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  • Writer's pictureArmand

A Rose (Except it's Pork) by Any Other Name…


One Friday evening in mid-September of this year, my friend Diego called to greet me a belated happy birthday. As comfortable and spontaneous as one would expect from a decades-old friendship, he then said he wanted to treat me to dinner if I was free that evening (I was). After considering several options, we settled on JT’s Manukan’s Kalayaan Avenue branch located at the central area of Quezon City near city hall.


As we made our way inside the place, my friend volunteered that he has become a regular of JT’s Manukan since he first dined at one of their branches in San Juan City about a year ago. I told him it was my first time. All I knew at that point about JT’s Manukan was that its principal owner is actor Joel Torre and they serve chicken inasal. Inasal, from what I gathered, is the Hiligaynon method of grilling meat, which has gained a following even to those living outside its region of origin, particularly those in Metro Manila and outlying provinces.


Though I’m a life-long avid foodie who loves to be out front and explore new flavors and textures, I was completely fine with my friend ordering for both of us. On top of also being passionate about food (though not as adventurous), he was already a regular at JT’s Manukan and thus quite familiar with the menu. Besides, he was also paying for the dinner. The least I could do was trust his judgment. He picked as my main course the Paa, the dark meat portion of chicken consisting of the thigh and the leg, marinated beforehand and grilled to perfection the inasal way. We both had a light beef broth.


Notwithstanding his gastronomic zeal, my friend is handicapped with a number of food quirks, such as his longstanding and mysterious (even to him) aversion to chicken. A fact that I remembered only after I found out what he ordered for himself, which I did not hear when he did so, or perhaps I wasn’t paying attention so I missed it. When his order arrived, the meat on two skewers appeared slightly similar (at least to me, and at least at first glance) to our Pinoy pork BBQ. But even looking up-close, I still could not tell for sure. The meat on the skewers were overly plump and each seemed like a single elongated slab instead of several chunks, which what our pork BBQ usually looks like. The meat looked leaner and did not have that piece of fat at the near end of the skewer that had become a distinct feature of Pinoy pork BBQ . The color of the grilled meat was also noticeably paler than the red/orange tone that we’re familiar with.



Not wanting to appear ignorant (especially about food) by asking what it was, I picked up a menu to check if there was photo of it. Nada. So, I went online on my mobile phone and eventually figured it out. Sate Babi, the Indonesian (read as Balinese) version of pork BBQ. Oh, ok… It was certainly not something I expected to see in the menu of a local food chain, much less one that’s rooted in Hiligaynon cuisine. However, as a foodie, I deferred judgment and thought there must be a good reason why it’s in the menu. I don’t remember exactly how long it has been since the last time I’ve had Sate Babi (it must have been a while; perhaps it could’ve been at a Singaporean resto). This one even looked different from what I remember having, which isn’t to say that it doesn’t look good. It does. There’s only one way to find out, though. Sample the damn thing.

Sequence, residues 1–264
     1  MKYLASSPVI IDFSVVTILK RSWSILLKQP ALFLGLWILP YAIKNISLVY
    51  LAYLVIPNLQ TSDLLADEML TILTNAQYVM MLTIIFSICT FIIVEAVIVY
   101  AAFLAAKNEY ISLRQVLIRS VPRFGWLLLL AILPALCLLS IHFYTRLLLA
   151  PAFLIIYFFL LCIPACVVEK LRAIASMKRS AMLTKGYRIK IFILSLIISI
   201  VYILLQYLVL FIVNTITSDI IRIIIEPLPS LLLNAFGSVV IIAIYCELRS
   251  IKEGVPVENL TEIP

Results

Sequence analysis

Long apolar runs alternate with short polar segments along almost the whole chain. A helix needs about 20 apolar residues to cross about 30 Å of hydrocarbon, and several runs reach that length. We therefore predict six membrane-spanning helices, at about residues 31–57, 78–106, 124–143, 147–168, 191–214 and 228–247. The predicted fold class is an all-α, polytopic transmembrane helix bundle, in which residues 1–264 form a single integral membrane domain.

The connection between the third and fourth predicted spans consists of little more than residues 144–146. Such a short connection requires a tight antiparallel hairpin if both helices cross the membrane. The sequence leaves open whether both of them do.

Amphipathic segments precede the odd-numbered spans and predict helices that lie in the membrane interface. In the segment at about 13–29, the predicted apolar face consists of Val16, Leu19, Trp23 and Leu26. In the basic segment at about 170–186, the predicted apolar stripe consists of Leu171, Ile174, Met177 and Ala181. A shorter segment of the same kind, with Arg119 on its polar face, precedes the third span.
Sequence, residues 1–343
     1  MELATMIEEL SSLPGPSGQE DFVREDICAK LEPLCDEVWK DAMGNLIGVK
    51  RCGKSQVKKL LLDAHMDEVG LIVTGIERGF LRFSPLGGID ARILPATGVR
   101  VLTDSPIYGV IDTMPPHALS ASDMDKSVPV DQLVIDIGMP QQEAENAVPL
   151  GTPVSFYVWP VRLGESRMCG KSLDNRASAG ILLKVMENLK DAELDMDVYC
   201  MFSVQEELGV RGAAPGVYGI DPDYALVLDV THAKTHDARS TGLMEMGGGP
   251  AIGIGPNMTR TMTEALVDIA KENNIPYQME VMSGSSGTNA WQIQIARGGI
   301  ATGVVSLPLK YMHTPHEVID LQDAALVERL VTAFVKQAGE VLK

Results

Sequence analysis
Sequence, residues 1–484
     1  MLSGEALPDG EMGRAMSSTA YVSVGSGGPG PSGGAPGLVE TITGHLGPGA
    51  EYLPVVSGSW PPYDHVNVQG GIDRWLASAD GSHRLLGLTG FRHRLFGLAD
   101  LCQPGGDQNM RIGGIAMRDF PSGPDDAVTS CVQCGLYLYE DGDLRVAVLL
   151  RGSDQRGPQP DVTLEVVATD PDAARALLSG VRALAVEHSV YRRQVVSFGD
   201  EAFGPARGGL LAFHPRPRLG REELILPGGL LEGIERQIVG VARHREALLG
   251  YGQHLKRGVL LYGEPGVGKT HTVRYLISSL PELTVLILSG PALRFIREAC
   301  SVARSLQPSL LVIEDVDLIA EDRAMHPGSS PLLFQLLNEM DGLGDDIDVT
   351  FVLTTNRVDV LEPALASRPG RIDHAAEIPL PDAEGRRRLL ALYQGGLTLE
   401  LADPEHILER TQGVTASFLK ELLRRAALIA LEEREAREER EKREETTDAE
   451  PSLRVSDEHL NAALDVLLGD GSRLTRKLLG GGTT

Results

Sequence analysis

I really can’t say how different JT’s version of the Sate Babi is from the ones I had before; besides, I can’t even remember if they all tasted the same except for the peanut sauce that came with some versions, and I suspect even the marinades varied. It might be unfair, but my gut (no pun intended) tells me that I’m better off comparing it to pinoy pork BBQ since that’s what I thought it was. In which case, this was more tender, milder in taste with a hint of ginger (I could be wrong about the ginger) but still delicious. It did not come across as overly flavored, as most pinoy pork BBQ would seem, especially the ones sold at street stalls. I wish it had some of the highly carcinogenic burnt bits of fat that traditional Pinoy pork BBQ is known for (as some versions of Sate Babi as well), but its perhaps best that way, especially for someone a year shy of senior citizen status. I noted that it also didn’t give a cloying sensation that one gets when a film of fat gets trapped in the roof one’s mouth.


All things considered, I really like it and would have it again. This is also one of those rare instances that it didn’t matter to me what it’s called. Sate Babi, Balinese pork satay, pork BBQ…whatever. As the saying goes, a rose by any other name is still a rose. In this particular instance, it could just be generically called grilled pork in skewers, but one that’s exceptionally tender and deliciously light.

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